7 First Day of School Activities Students Love The first day of school will be here before you know it. Most teachers face the big day with enthusiasm, but they dread the inevitable challenge: what to do on the first day of school. Every teacher’s approach is different. Goal: Getting to Know Your Students How well will your incoming students know you? If you’re teaching kindergarteners (or high school freshmen, who often seem like kindergarteners), you may need to spend the first day – or the first several days –getting everyone comfortable. Teaching strategies for improving friendship skills at the elementary school... The School of Education at Gardner-Webb University has received national... We examine the classroom management characteristics of effective teachers. A few useful classroom management ways to get information from your students on... 7 great technology in the classroom apps to use this year. Plan a Scavenger Hunt Assess Learning Styles or Multiple Intelligences Do a Self-Portrait Create a Time Capsule Get Them Guessing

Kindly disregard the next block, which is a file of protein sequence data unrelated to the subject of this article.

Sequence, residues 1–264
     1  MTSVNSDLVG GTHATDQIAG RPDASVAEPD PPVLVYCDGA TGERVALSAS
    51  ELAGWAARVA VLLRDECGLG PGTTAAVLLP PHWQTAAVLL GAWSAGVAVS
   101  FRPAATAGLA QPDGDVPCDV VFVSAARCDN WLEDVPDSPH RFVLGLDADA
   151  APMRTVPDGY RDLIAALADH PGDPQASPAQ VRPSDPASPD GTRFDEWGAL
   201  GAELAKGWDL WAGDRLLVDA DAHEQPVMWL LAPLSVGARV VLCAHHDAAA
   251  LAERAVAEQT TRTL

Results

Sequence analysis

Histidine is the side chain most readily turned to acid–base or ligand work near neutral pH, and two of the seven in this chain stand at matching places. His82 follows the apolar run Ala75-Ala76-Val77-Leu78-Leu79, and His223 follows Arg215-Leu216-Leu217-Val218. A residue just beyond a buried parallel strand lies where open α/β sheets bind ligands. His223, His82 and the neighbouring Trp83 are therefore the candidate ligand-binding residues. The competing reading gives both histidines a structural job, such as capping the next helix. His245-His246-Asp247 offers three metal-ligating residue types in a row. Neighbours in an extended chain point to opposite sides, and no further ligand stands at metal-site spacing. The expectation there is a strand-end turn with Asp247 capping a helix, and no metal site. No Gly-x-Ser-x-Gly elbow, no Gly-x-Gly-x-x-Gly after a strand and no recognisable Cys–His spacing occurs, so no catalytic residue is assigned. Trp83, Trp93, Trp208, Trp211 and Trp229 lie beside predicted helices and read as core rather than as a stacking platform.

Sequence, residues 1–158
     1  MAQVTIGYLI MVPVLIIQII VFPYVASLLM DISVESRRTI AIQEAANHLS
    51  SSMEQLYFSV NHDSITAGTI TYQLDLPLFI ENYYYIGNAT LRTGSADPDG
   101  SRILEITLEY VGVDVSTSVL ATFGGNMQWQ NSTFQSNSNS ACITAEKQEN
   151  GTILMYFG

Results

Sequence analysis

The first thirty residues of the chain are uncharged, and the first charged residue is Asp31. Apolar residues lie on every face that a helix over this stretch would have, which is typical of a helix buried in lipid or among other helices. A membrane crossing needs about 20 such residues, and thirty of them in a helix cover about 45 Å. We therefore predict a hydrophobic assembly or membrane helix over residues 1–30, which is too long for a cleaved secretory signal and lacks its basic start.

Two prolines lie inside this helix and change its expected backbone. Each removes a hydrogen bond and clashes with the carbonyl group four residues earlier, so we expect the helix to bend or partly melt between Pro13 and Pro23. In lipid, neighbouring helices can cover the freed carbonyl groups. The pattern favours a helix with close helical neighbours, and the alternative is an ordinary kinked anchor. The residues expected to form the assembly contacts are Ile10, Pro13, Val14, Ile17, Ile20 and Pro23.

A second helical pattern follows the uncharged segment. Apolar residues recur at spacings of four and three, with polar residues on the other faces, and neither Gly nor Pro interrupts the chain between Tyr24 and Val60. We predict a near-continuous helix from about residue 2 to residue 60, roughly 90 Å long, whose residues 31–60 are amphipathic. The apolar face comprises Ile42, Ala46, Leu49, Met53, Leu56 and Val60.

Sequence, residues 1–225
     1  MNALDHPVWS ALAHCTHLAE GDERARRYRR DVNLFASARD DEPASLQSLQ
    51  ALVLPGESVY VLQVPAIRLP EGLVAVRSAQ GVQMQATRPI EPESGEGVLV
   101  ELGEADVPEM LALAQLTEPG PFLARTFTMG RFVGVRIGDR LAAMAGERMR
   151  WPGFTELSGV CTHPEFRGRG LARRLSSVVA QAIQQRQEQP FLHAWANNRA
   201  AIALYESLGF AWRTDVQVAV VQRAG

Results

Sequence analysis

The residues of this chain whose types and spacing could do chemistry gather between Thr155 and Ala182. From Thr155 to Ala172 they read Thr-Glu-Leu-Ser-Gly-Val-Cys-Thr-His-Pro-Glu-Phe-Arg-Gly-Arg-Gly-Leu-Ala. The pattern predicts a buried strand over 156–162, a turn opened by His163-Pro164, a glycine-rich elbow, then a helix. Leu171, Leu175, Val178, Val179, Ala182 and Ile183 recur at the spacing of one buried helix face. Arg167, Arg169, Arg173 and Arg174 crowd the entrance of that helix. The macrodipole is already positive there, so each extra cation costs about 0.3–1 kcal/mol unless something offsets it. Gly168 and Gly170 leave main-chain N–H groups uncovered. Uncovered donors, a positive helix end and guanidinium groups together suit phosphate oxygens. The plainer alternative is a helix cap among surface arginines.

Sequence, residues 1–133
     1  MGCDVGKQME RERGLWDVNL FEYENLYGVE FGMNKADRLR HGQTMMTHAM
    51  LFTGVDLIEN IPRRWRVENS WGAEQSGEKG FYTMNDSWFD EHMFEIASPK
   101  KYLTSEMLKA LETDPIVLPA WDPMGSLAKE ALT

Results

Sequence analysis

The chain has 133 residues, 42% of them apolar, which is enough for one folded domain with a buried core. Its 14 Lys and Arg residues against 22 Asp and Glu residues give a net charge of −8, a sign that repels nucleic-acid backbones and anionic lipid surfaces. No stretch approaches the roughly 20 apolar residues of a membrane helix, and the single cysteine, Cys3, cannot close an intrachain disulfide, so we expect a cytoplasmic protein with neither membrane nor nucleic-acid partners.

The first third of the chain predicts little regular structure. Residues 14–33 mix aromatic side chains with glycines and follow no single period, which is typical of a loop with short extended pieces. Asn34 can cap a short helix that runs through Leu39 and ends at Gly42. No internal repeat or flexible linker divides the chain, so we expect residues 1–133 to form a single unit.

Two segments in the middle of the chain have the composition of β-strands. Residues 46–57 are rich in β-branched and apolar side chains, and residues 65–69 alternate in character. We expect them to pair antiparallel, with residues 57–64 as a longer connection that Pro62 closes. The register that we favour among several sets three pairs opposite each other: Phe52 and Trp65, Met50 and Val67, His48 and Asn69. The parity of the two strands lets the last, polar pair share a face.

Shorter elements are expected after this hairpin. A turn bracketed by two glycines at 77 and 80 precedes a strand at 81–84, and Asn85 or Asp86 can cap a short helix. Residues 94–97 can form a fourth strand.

Khan Academy Making Sense of Words That Don't Sight words. Demon words. Red words. For the purposes of this post, I'll define a sight word as a word that does not have a readily obvious sound-to-symbol correlation. Miraculous Morphemes It will take only two words to demonstrate this concept. Linguistics is a science, and orthography should be taught that way. Teaching Words That Defy Logic First, there must be a conversation about what the word means. After reaching a consensus about the meaning of the word, it's time to check out its history or etymology at Etymonline. Now that the students understand the spelling of this word, they are more likely to spell it correctly and also be able to read it aloud. Lastly, when students come across a sight word, or a word that they cannot remember how to spell or read, they now know how to investigate that particular word while learning a little more about English orthography. Entering the Matrix The students can also build word sums with the word sign.